The move 12.f5 has given rise to much discussion in our club, with some members labeling it a positional error, inasmuch as the e5-square is thereby ceded to Black and the White e-pawn becomes a target on the file. Others, however, see rather more merits than demerits in the move, noting that the f5 pawn advance restricts Black's Knight and Queen's Bishop while gaining control of the e6-square. To arbitrate such a question is beyond our playing strength; we do note, however, that while White's Knight became powerfully entrenched on e6, its Black counterpart never succeeded in reaching e5, and that the ostensibly weak White e-pawn survived to deliver a decisive blow at the 35th move, sacrificing itself on the very square thought to reside most securely in enemy hands. Our own impression of the struggle as a whole is that Dr. Lasker's play appears direct and to the point, gaining ground throughout on all sectors of the board, while that of Capablanca seems uncharacteristically dilatory and without purpose, in marked contrast to his previous efforts in this event. In the end Capablanca found himself completely encircled, with the White Rooks having invaded on the a- and h-files and the enemy Knight poised to deliver the death blow. We are informed that the Champion's victory - without doubt one of his finest games - was met with thunderous applause.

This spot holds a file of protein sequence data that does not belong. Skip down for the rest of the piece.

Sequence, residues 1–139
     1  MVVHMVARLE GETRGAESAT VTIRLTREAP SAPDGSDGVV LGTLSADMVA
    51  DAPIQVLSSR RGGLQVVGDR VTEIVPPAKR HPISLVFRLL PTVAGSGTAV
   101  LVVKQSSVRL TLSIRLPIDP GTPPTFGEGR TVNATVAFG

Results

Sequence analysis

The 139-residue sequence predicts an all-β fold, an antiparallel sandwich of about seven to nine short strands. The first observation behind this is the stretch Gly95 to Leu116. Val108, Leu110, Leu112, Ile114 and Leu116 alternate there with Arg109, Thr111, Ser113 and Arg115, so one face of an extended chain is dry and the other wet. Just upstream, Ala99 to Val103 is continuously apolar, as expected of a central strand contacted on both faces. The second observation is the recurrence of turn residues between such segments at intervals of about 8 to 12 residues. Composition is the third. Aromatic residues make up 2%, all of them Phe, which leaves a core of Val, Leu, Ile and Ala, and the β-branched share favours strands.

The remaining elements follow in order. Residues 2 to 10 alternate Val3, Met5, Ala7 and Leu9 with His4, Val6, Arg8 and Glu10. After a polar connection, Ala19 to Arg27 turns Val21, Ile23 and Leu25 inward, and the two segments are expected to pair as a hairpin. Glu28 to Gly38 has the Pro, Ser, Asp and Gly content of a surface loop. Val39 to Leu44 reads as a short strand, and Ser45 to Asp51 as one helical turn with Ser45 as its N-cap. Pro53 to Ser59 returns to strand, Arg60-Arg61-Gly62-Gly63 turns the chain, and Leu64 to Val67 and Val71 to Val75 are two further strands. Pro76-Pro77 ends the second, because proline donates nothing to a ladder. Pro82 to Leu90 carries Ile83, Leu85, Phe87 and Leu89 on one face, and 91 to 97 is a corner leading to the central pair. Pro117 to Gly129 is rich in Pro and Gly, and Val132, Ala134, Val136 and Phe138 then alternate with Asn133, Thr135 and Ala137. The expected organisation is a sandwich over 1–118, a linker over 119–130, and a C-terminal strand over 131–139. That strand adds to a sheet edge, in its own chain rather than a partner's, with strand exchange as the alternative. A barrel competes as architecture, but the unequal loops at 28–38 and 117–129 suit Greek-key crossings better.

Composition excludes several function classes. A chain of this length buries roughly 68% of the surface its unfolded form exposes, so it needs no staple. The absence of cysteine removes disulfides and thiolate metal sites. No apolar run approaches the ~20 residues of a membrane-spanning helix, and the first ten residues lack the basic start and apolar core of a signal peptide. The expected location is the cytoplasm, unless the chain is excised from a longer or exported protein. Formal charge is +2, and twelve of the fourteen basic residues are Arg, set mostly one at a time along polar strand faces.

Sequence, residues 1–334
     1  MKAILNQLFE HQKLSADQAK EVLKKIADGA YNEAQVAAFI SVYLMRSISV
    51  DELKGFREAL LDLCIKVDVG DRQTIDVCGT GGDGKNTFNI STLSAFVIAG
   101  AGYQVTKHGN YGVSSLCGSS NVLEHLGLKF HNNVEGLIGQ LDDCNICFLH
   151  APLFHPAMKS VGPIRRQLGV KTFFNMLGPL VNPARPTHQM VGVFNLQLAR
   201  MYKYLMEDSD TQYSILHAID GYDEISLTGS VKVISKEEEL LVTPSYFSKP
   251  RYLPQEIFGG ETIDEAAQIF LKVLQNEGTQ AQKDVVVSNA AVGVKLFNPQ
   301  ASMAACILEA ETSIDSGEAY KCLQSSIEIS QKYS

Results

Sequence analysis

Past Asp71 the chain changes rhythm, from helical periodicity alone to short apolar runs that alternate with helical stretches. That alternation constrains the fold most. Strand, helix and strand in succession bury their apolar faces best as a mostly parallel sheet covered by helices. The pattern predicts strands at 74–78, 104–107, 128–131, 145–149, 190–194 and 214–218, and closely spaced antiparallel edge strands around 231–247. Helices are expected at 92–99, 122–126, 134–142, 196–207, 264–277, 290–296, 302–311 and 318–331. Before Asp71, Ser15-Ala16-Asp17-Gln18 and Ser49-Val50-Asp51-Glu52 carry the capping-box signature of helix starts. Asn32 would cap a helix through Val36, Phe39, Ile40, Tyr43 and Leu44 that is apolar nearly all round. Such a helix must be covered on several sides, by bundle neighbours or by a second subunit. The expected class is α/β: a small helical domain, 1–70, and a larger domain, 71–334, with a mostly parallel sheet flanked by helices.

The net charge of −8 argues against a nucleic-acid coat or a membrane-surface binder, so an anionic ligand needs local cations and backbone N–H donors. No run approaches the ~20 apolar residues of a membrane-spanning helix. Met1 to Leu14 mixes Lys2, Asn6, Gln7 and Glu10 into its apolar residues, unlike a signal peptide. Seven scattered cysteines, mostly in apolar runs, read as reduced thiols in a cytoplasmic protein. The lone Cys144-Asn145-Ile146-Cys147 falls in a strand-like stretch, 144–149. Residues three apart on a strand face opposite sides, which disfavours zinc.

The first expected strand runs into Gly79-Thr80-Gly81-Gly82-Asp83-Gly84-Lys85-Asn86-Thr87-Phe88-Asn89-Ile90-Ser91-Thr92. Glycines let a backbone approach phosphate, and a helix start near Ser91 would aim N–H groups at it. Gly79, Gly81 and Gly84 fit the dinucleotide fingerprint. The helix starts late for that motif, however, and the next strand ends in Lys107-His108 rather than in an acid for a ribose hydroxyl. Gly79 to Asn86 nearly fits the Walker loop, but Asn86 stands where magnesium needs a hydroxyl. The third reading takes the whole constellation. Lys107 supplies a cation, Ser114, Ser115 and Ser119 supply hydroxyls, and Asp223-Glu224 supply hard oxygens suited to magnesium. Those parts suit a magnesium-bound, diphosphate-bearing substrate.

Alekhine won a fine game from Tarrasch, a strong performance rather overshadowed by the dramatic clash between the two leaders. The Russian Master once again employed the McCutcheon Variation of the French Defense, as he had done vs. Marshall in the third round of the winners' group. Black soon obtained a good game, and when Dr. Tarrasch at the 11th move chose not to offer the exchange of Queens via 11.Qe2 but opted instead for 11.Kd2?!, he seems to have stimulated the imagination of his youthful opponent, ready as ever to attack. Alekhine began directing his forces toward the Queen-side, residence of the White monarch, and with a series of clever strokes (20...Rd8, 23...c4) Black developed a dangerous initiative. With 27...Rda6! Alekhine offered his Queen, whose capture Tarrasch was compelled perforce to refuse on pain of mate in 2. The lady remained en prise until Alekhine's 30...Rxa2 initiated a transaction leaving him with Queen and two pawns against the opposing Rooks, with the second player enjoying in addition continuing attacking chances against the beleaguered White King. Within the space of a further dozen moves Alekhine had collected White's remaining pair of pawns; Dr. Tarrasch subsequently resigned at the 51st move. The Doctor, who according to reports from St. Petersburg has been feeling rather unwell of late, has scored only one half-point from six games in the winner's group. And his troubles may not be at an end: in the next two rounds he faces Capablanca and Lasker.